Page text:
11. When you become the ultimate mom-friend after learning about the effects various substances have on the human body.

12. Running off of 4-5 hours of sleep has become the new norm for you.

13. And getting just the recommended 7-8 hours makes you feel like a kid on Christmas morning.

14. You have a love-hate relationship with ATI.

15. When your study group says they're meeting on a Saturday.

16. Choosing an answer that's correct, but not the "most" correct, therefore it is wrong.

17. And even though the late nights and stress can feel overwhelming,

18. You wouldn't want any other major because you can't wait to save lives and take care of others.

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Saying "No" Is OK

It is okay to put yourself first and do what's best for you

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It's that time of year again when your days are filled with nothing but class, work, assignments, clubs, extracurricular activities and much more. Your time and brain are going in every possible direction. But what if it didn't have to be that way? What if letting go, actually gave you something back? That's right, I am talking about the word no and all it can do for you.

I too, fall into the trap of doing more is better. Having all my time devoted to activities or work is good for me. Taking nineteen plus credits hours somehow makes me a better person, even smarter person. Well, I hate to break it you, and me, that this thought process is extremely detrimental.

There are no rules that say we must do everything and anything. If there are, they are wrong. And that's why saying no is so important.

Currently, I am taking nineteen credit hours. Soon, I am going to make sure that it is sixteen. After the first week of classes, I discovered I was in a class that would provide me with a wonderful education, but it was not counting towards my major. After thinking about it long and hard, I decided that it would be best to say no to this particular class.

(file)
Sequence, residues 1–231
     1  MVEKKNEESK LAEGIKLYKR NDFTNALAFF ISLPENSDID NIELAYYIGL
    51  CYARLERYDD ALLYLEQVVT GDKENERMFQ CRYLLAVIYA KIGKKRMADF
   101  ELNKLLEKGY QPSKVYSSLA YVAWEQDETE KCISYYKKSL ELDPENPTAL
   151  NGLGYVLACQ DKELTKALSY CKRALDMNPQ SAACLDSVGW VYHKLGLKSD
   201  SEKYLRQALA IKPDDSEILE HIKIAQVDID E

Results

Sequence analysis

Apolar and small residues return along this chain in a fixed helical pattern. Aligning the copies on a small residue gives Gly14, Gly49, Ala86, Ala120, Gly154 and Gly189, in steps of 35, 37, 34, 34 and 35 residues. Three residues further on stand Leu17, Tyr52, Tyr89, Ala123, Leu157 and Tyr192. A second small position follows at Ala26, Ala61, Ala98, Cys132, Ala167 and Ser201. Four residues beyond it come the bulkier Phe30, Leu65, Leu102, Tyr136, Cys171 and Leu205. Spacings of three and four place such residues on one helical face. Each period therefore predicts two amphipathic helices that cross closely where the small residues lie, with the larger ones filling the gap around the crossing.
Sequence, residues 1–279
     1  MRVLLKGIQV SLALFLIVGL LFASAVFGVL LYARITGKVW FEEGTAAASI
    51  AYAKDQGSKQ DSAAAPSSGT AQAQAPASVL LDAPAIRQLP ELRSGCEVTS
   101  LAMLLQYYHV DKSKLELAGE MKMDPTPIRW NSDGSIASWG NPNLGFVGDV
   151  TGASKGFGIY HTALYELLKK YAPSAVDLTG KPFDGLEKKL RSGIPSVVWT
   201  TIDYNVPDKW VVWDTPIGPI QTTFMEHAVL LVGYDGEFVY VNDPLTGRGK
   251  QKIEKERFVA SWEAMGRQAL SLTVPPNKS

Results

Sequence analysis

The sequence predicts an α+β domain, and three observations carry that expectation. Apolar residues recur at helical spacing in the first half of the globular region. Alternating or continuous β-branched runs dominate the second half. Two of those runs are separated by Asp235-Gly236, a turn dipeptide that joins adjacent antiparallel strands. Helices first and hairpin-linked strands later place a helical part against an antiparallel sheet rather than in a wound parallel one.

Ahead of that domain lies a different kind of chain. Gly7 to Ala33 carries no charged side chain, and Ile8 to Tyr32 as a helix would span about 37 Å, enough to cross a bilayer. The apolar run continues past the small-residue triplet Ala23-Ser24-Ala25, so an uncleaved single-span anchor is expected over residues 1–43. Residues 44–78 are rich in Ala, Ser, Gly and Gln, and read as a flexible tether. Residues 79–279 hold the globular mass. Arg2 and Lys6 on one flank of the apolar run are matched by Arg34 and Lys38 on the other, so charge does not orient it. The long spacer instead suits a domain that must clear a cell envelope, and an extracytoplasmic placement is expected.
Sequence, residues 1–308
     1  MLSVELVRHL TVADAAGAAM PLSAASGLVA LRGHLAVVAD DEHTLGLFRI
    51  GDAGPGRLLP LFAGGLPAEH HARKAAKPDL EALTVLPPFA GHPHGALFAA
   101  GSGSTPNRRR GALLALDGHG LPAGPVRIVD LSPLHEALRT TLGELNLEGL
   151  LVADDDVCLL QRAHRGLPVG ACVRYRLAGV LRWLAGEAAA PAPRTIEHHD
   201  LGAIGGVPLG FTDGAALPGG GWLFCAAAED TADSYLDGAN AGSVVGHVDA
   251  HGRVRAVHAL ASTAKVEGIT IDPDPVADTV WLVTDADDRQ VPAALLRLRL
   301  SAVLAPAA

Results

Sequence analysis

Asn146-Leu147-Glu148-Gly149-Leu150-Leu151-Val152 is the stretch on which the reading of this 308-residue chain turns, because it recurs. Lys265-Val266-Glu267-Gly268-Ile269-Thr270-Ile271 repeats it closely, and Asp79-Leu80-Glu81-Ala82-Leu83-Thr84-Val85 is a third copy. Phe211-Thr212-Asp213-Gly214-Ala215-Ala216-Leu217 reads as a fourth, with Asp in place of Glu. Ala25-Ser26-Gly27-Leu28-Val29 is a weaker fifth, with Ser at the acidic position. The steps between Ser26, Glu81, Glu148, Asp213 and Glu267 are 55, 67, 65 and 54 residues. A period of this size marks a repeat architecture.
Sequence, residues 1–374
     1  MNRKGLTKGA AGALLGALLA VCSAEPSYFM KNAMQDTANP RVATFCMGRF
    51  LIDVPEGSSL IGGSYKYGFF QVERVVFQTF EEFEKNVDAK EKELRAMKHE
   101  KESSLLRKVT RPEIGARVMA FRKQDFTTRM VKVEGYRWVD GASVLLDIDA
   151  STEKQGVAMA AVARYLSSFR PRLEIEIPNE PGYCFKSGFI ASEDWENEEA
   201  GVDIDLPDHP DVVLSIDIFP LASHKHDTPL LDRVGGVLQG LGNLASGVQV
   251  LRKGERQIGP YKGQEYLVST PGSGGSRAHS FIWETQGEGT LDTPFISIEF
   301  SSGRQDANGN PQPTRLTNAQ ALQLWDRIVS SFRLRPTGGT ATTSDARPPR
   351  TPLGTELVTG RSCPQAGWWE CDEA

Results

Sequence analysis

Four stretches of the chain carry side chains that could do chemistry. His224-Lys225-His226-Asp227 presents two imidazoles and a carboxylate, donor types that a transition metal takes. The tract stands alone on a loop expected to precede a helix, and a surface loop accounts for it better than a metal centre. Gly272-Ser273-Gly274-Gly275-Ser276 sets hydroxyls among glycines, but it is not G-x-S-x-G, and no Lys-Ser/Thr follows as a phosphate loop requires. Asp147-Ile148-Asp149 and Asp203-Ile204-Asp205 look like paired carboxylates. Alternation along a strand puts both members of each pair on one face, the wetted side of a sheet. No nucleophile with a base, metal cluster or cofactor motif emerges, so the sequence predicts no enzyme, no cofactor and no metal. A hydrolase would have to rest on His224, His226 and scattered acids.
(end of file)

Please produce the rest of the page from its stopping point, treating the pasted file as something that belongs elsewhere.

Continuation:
Before this year, I would have said, it's okay (even if it wasn't) and muster through the class. To the old me, dropping a class would be like quitting, but I cannot even begin to tell you, and me, how far from the truth that is.

Saying no is brave. Saying no is the right thing to do. Saying no allows you to excel in other areas. Because I have decided to say no, I am opening two more hours in my day. I am relieving myself of work and projects that would add to my already hectic schedule. I am doing what is best for me.

However, there is a part two to this no phenomenon. Continuing with my example, I now have two open hours in my week. The overachiever in me would try to find something to fill it. Maybe another club or activity. Maybe more hours at work or a place to volunteer. And while none of these are bad things to do or have in your life, you are just replacing a time taker with another. When you say no, mean it and don't fill it.

This is your year to say no. Not because you are lazy. Not because you aren't smart enough. Not because you can't. Say no because it is best for you. Say no because it frees you. Say no because you can!